The strong bipartisan House vote on Wednesday for the farm bill was the third major defeat for conservative lobbying groups since the government shutdown, a sign that they’re losing their stranglehold on the House Republican majority.
The trio of defeats: The October bill to re-open the shuttered government and avert a catastrophic debt default (with no strings attached), the December budget agreement to raise spending and mitigate automatic sequester cuts and now the farm bill to renew agriculture subsidies and food stamps.
Tea party groups such as the Club For Growth and Heritage Action fought these initiatives every step of the way and threatened to use their scorecards to downgrade lawmakers who voted for them. In October, they lost the battle when Speaker John Boehner put a clean bill on the floor to fund the government and avert default (although most Republicans voted against it). But the budget and farm bill agreements each passed with the support of 70 percent of House Republicans, a more troubling sign for the tea party groups.
In the case of the farm bill, the groups wanted much deeper cuts to food stamps than bipartisan negotiators settled on. Michael Needham, the CEO of Heritage Action, lamented on Wednesday that their effort was thwarted by an “unholy alliance” to combine farm policy and food stamps and maintain the status quo.
So, how did things go wrong for them?
Politically, they appear to have overplayed their hand. Republicans are acquiescing to the need to sustain the most basic functions of government, instead of routinely sparking crises that are painful for members and self-defeating for the party. The reality of a second term for President Barack Obama is slowly setting in. In addition, the dozens of freshman and sophomore members are starting to realize that they can buck the outside groups without necessarily suffering a fatal setback in their next Republican primary.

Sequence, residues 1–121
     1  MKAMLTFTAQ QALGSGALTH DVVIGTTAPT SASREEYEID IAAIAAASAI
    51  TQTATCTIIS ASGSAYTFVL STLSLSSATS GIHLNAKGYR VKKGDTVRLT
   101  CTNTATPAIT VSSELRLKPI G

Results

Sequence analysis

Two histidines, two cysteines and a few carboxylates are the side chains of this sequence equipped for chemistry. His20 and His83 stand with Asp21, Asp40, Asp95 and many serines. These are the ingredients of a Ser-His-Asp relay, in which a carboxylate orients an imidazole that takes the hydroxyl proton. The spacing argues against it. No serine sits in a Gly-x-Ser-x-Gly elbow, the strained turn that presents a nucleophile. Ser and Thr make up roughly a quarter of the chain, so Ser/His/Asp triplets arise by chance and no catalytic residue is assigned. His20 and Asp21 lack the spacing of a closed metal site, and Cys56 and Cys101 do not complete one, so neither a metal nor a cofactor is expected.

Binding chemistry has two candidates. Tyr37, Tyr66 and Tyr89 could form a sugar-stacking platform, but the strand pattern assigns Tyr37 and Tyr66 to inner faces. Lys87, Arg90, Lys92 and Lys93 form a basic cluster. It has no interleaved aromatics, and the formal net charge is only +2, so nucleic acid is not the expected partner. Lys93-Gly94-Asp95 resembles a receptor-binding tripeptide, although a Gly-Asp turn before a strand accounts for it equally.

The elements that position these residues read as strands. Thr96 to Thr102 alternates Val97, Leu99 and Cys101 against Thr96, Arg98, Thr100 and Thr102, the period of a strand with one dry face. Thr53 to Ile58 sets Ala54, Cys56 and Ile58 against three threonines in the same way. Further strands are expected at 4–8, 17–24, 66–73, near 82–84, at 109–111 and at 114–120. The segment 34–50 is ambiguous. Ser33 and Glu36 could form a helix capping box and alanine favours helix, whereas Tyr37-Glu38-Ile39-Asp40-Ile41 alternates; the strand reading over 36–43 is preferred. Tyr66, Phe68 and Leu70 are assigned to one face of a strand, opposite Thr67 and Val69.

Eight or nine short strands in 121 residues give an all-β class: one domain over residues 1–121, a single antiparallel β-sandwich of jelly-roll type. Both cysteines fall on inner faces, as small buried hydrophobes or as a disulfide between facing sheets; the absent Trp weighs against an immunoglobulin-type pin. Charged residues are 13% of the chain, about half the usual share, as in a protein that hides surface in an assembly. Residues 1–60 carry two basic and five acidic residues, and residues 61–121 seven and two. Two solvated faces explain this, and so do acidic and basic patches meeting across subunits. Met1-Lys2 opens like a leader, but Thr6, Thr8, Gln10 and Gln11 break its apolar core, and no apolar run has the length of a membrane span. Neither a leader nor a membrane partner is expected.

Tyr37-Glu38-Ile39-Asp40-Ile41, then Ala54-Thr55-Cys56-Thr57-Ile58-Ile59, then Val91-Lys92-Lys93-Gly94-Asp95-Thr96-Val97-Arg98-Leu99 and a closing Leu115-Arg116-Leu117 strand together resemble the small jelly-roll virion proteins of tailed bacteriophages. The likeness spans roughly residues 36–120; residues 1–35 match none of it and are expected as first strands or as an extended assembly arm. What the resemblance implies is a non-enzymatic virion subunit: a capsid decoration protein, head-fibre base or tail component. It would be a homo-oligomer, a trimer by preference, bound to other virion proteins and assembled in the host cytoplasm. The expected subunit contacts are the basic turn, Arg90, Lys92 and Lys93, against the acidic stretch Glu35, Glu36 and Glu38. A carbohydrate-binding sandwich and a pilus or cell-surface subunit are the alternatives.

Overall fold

A breaking point came in December when the normally mild-mannered Boehner lashed out at the tea party groups publicly, after years of quietly letting them call the shots in the House. He stood by his criticisms and went on to urge his members not to let outside influence push them around.
“Frankly I think they’re misleading their followers. I think they’re pushing our members in places where they don’t want to be. And frankly I just think they’ve lost all credibility,” Boehner told reporters in December, before the budget vote. “There comes a point when people step over the line.”
On matters of policy, however, the tea party groups have considerably shifted the debate to the right, aided at times by a willing Democratic Party, and that may continue unless Democrats find a way to reverse the tide. The farm bill deal, for instance, cuts food stamps by $8 billion over a decade. In some cases, ultraconservative lawmakers are touting their victories, as Rep. Mick Mulvaney (R-SC) did upon voting for the budget bill, when he boasted about the huge discretionary spending cuts Republicans have forced under Obama.
“[W]e have done something that I sometimes thought might be impossible: we have changed the direction of spending,” the congressman said.
What all this means is that Congress is likely to spend the coming years steering clear of manufactured crises sparked by the tea party, such as government shutdowns, debt limit breaches and battles over Obamacare funding. But it remains to be seen if this shift will lead to more ambitious goals like immigration reform or passing substantial new economic initiatives. The latter remains a very tough sell, as Obama subtly acknowledged in his State of the Union speech.